It has been striking to me this year that the public seems far more serious about this election — far less tolerant of diversions — than some of my colleagues in the media.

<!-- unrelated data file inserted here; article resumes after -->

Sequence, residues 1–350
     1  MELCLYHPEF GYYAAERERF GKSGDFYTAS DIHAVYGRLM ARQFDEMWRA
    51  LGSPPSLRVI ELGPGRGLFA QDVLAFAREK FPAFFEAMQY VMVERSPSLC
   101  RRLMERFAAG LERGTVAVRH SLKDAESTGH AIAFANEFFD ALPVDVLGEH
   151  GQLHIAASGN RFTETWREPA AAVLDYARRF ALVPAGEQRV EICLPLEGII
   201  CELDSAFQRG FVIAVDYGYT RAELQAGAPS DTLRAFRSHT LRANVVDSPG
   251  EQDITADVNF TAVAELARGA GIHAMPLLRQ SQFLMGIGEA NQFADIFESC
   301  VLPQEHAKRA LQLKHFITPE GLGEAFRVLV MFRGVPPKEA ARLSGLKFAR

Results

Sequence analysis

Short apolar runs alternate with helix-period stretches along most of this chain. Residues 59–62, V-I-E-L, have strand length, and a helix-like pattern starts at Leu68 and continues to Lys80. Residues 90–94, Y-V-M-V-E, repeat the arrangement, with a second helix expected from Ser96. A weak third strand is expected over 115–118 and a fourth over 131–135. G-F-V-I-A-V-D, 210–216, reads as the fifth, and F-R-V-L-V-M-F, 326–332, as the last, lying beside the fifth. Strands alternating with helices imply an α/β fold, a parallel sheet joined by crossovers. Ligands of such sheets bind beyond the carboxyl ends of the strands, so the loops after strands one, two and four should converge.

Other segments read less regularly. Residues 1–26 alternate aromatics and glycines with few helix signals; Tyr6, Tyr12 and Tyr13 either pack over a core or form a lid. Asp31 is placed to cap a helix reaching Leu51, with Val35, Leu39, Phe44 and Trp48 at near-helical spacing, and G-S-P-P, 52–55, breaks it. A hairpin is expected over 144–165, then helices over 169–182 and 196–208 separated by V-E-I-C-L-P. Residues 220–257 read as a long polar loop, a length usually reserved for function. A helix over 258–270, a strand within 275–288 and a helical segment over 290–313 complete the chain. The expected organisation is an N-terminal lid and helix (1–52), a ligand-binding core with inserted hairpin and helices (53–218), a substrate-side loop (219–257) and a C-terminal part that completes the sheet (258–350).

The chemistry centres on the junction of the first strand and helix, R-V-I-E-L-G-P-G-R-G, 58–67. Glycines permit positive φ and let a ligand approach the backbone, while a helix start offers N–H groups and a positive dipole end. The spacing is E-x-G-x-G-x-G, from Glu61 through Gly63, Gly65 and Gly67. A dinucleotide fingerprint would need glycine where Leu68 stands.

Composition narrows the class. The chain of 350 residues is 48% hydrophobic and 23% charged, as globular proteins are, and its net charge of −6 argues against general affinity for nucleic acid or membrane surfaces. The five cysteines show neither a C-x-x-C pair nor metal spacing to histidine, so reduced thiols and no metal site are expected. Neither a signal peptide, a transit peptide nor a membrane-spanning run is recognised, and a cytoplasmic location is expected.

I think this is always the case. Or, to rephrase in a less treacly “up with people” manner, ordinary people ordinarily just don’t pay attention to politics at all. They don’t think it’s interesting. But insofar as they do take an interest in politics, they do so when and if they’re interested in how politicians’ policies are likely to impact their lives. The political press, by contrast, finds electoral contests to be a kind of fascinating game about which it’s amusing to do tons of stories regarding the ins-and-outs of tactical gambits all the while chasing various shiny objects. Looking at policy they find tedious. But most people don’t care about the “game” at all, if they decide to care about politics it’s because they care about what’s going to happen. If they want to watch a game, they watch football or Project Runway or Survivor. It’s only a tiny minority that thinks of politics as compelling, but trivial, entertainment. Those people just happen to dominate the ranks of campaign reporting.